W3C home > Mailing lists > Public > public-webid@w3.org > June 2017

Re: Verifying WebID fails

From: Henry Story <henry.story@bblfish.net>
Date: Thu, 29 Jun 2017 07:50:28 +0200
Cc: Kingsley Idehen <kidehen@openlinksw.com>, public-webid <public-webid@w3.org>
Message-Id: <0B99770A-62BD-4D2D-A4DC-7429E4C61A13@bblfish.net>
To: Martynas Jusevičius <martynas@atomgraph.com>

> On 28 Jun 2017, at 18:01, Martynas Jusevičius <martynas@atomgraph.com> wrote:
> 
> Kingsley,
> 
> I am speaking about the WebID-TLS spec, more specifically Authentication sequence and Verifying the WebID:
> https://www.w3.org/2005/Incubator/webid/spec/tls/#the-webid-authentication-protocol
> 
> None of the sections (see below) on WebID verification address the failure to verify the public key, and I think a robust protocol should. Am I missing something?
> 
> 4.1. step 6.2
> 
> The graph returned in the previous step is then queried as explained in Verifying the WebIDs. If the query is answered positively, then that WebID is verified. If the query fails and the graph was not up to date, then the Verifier may start again at point 6.1.2 by making a request to an up to date graph.
> 
> 4.2.5.2 Verifying the WebID Claim
> 
> To check a WebID Claim one has to find if the graph returned by the profile relates the WebID to the Certificate Public Key with the cert:key relation. In other words, one has to check if those statements are present in the graph.
> 
> 4.2.5.2.1 Verifying the WebID Claim with SPARQL
> 
> An ASK query simply returns true or false. If it returns true, then the key was found in the graph with the proper relation and the claim is verified.

Again, the failure will then be sent on at the TLS level, which deals with this - there
are TLS error codes - though it is not clear how well the information is used by the
browsers.

The problem in is that the TLS level is below the HTTP layer, so there is 
an interaction between layers that is taking place, that is frowned on in 
most cases. This is a problem  for HTTP 2.0 and is actually very clearly 
explained in the RFC Draft

"Secondary Certificate Authentication in HTTP/2"
https://tools.ietf.org/html/draft-bishop-httpbis-http2-additional-certs-04

Read the introduction of that document to understand the context, 
and then look in particular at chapter 4

Indicating failures during HTTP-Layer Certificate Authentication

So they are proposing adding the right failure modes to the HTTP layer there.

> 
> On Wed, 28 Jun 2017 at 16.16, Kingsley Idehen <kidehen@openlinksw.com> wrote:
> On 6/27/17 8:44 PM, Martynas Jusevičius wrote:
>> Kingsley,
>> 
>> I am implementint WebID authentication in our software, and key mismatch is a real scenario.
>> 
>> Can you show me where in the spec it is addressed?
> 
> Martynas,
> 
> Your comments are confusing.  
> 
> Are you speaking of the WebID+TLS protocol which is basically a TLS-handshake extension that uses a WebID lookup (using value of SAN attribute in an X.509 Cert)  to locate a Public Key in a WebID-Profile document? If not, then we are not speaking about the same thing, and as a result not communicating effectively.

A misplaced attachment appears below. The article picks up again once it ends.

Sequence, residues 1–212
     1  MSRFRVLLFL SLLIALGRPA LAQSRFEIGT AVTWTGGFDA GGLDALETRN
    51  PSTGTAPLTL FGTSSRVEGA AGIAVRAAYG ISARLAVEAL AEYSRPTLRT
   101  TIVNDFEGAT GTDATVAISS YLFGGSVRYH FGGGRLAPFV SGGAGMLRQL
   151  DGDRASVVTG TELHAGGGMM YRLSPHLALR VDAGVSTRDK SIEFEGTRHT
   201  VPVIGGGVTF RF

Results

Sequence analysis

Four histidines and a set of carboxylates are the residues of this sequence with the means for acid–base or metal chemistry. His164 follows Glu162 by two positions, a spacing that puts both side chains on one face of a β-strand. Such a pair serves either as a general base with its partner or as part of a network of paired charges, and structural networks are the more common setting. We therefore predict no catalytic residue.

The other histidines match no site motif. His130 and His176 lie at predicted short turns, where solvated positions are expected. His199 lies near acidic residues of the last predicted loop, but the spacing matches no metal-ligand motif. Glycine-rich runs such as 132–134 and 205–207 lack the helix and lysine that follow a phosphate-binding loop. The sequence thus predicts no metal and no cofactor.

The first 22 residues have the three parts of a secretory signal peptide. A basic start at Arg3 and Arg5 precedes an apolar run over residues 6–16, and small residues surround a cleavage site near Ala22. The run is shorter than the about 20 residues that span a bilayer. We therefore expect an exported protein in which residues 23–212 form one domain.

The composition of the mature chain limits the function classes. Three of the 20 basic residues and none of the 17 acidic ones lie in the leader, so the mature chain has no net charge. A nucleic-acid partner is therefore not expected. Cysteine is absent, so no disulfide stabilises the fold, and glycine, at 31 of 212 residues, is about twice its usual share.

> 
> Terms:
> 
> 1. WebID -- HTTP URI that identifies an Agent and adheres to Linked Data principles 
> 2. WebID-Profile Document -- a collection of RDF statements in an RDF document that describe an Agent identified by a WebID
> 3. WebID+TLS -- TLS handshake extension that matches Public Keys in an X.509 cert and a WebID-Profile document by way of WebID de-reference
> 4. WebID+TLS+Delegation -- adds an additional lookup route to #3 via acl:delegates relation
> 
> 
> Kingsley 
>> 
>> On Wed, 28 Jun 2017 at 02.04, Kingsley Idehen <kidehen@openlinksw.com> wrote:
>> On 6/27/17 6:33 PM, Martynas Jusevičius wrote:
>> > Hi,
>> >
>> > I think there is another case where failure scenario is not defined in
>> > protocol: verifying the WebID.
>> >
>> > What happens if the certificate key does not match the WebID key? None
>> > of the verification steps or sections seem to consider that. I suggest
>> > again that a 400 Bad Request should be returned.
>> >
>> > I think it is important for the protocol to handle failures if we want
>> > robust implementations.
>> >
>> > Is this group active enough to fix such issues?
>> >
>> >
>> > Martynas
>> 
>> 
>> Hi Martynas,
>> 
>> What do you mean by Certificate Key? Are you referring to the Public Key
>> component of an X.509 Certificate?
>> 
>> Bearing in mind that WebID+TLS isn't new, are there are implementations
>> out in the wild, wouldn't it be better if you started off by testing
>> authentication of your WebID against existing implementations?
>> 
>> You might also find the YouID browser extension we built interesting
>> since its sole purpose is simplification of WebID+TLS and/or
>> WebID+TLS+Delegation protocol usage (e.g., negating the UX headache
>> introduced by browsers when toggling WebIDs over and existing TLS
>> session) [1].
>> 
>> You can try:
>> 
>> [1] http://linkeddata.uriburner.com/sparql -- click on "login" button
>> 
>> [2] http://osdb.openlinksw.com -- click on the "login" button
>> 
>> [3] http://id.myopenlink.net/ods/webid_demo.html -- most basic WebID+TLS
>> authentication tool we have
>> 
>> Links:
>> 
>> [1]
>> https://medium.com/openlink-software-blog/simple-youid-browser-extension-usage-exercise-57fa3ff6c6b7
>> -- Simple YouID Browser Extension Usage Exercise.
>> 
>> --
>> Regards,
>> 
>> Kingsley Idehen
>> Founder & CEO
>> OpenLink Software   (Home Page: http://www.openlinksw.com)
>> 
>> Web Identities (WebID):
>> Personal: http://kingsley.idehen.net/dataspace/person/kidehen#this
>>         : http://id.myopenlink.net/DAV/home/KingsleyUyiIdehen/Public/kingsley.ttl#this
>> 
>> 
> 
> -- 
> Regards,
> 
> Kingsley Idehen	      
Received on Thursday, 29 June 2017 05:51:04 UTC

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